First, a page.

Academic journal article The McKinsey Quarterly

New Strategies for European Insurance

Academic journal article The McKinsey Quarterly

New Strategies for European Insurance

Article excerpt

Corporate premiums for predictable risks will likely disappear Four very different value propositions are emerging Supplementing welfare, asset gatherers, or service providers?

At first sight, it might seem a relatively straightforward task to define the size and scope of the European insurance market. Statistics show that the property and casualty (P&C) market in Germany is worth DM100 billion, for example, and that Switzerland has Europe's highest life premiums per capita.

But statistics mask industry trends that pose significant strategic questions for every chief executive officer of an insurance company. The traditional delineation between life and non-life insurance products is beginning to fade, as is the distinction between the insurance and reinsurance businesses. At the same time, the very boundaries of the insurance industry are blurring. Life investment companies, reinsurers, asset managers, investment bankers, and private bankers all find themselves competing in the same arena for business not always traditionally regarded as insurance.

To define insurance in terms of the types of cover available, such as motor, death, invalidity, and fire, therefore no longer suffices. A different gauge, capable of reflecting the industry's growing complexity, is required if CEOs are to understand the trends in their industry and plan accordingly. It is therefore useful to examine the four value propositions around which today's European insurance industry appears to be grouping.

Insurance as an instrument to cover unpredictable cash needs

For many customers, insurance policies are instruments for meeting unpredictable cash needs: a premium paid in advance gives the insured the right to get cash when a clearly defined event happens, be it fire, death, or a hurricane. In many respects, insurance policies are similar to financial options traded in today's derivatives markets, whereby a premium paid in advance gives the investor the right to sell (or buy) certain assets at a fixed price sometime in the future.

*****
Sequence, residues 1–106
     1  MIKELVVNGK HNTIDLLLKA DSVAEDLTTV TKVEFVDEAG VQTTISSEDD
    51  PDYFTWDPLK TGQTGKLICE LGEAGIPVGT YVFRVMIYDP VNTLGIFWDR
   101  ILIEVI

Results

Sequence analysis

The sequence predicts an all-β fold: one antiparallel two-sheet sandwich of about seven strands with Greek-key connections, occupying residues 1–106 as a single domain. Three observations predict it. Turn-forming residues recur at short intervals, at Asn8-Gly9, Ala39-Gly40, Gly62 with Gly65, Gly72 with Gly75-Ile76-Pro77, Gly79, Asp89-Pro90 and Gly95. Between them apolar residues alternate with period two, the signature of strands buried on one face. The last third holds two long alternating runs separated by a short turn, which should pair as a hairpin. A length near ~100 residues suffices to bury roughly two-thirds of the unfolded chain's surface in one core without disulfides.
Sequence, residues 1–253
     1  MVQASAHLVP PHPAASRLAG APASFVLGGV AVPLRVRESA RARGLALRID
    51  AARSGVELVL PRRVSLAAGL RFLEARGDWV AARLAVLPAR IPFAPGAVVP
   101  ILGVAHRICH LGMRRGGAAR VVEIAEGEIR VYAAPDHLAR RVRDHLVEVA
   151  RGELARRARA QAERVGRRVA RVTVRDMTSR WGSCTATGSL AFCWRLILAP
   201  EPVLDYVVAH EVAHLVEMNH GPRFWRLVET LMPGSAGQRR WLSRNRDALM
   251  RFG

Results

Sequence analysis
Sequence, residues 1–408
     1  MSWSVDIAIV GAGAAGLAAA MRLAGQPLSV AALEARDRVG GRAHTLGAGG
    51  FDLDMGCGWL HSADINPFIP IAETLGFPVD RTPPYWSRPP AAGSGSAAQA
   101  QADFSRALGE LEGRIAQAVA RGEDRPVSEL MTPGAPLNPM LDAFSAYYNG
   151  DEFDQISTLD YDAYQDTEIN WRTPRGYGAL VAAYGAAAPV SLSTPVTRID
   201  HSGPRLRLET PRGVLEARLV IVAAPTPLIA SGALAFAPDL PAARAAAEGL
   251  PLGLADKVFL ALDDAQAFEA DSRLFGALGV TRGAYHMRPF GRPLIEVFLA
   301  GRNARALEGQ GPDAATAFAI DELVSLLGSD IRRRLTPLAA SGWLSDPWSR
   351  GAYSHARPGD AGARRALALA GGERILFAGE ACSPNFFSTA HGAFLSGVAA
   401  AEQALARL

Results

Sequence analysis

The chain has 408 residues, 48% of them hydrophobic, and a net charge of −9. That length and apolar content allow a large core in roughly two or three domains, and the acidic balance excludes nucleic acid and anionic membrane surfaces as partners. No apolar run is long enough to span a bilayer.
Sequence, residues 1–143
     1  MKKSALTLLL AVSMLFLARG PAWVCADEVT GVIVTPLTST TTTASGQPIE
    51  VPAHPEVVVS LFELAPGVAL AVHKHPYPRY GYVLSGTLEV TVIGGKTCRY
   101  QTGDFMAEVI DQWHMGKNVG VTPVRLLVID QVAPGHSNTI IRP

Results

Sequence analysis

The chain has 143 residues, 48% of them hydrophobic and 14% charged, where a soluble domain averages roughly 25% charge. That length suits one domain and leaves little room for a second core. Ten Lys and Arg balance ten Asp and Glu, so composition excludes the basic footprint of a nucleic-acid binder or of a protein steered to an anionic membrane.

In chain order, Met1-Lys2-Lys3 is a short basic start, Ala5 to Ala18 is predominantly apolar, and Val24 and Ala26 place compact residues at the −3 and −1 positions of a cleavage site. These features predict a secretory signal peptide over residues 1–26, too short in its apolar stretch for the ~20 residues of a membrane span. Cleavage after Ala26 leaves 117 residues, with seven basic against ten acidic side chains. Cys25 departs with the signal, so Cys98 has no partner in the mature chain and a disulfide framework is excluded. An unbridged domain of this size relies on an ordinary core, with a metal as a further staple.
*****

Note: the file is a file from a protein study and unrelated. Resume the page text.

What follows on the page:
It is a similarity that a handful of the most sophisticated insurance companies and multinationals are beginning to exploit to their advantage. Rather than paying premiums to an insurer or reinsurer to cover their risks, these companies are de facto buying an "insurance option" - an instrument that guarantees cash as and when losses occur, regardless of any specific line of business. If these new instruments become common currency, they will threaten great chunks of traditional insurers' revenue.

It works like this. Rather than insuring every aspect of its business, a multinational splits its traditional insurance needs into predictable risk (risk that can be predicted statistically and for which it can plan, such as a small fire or a strike) and severe risk. The predictable risk is no longer insured, as the company will itself be able to provide the necessary cash. Severe risk, however, such as a hurricane that destroys an entire plant and could bankrupt a company, needs to be covered. Although this risk is still largely placed with insurance or reinsurance companies, there is an emerging trend toward placing it in the market. Instead of buying an insurance policy, a company could issue "risk bonds." Normally, buyers of these bonds would receive an annual premium, but in a year when unpredictable risk occurs, they could lose part of the principal of their investment. In effect, insurance risk could start to be securitized just like credit risk.

Some multinational corporations are already going one step further and wondering why they cannot combine their insurance risks with other risks, such as currency risks, issuing a single instrument to cover losses from whatever source - be it a huge fire or a currency collapse. Reinsurance companies such as Swiss Re and other global insurance companies, mostly via their Bermuda subsidiaries, are starting to offer products in this area. …

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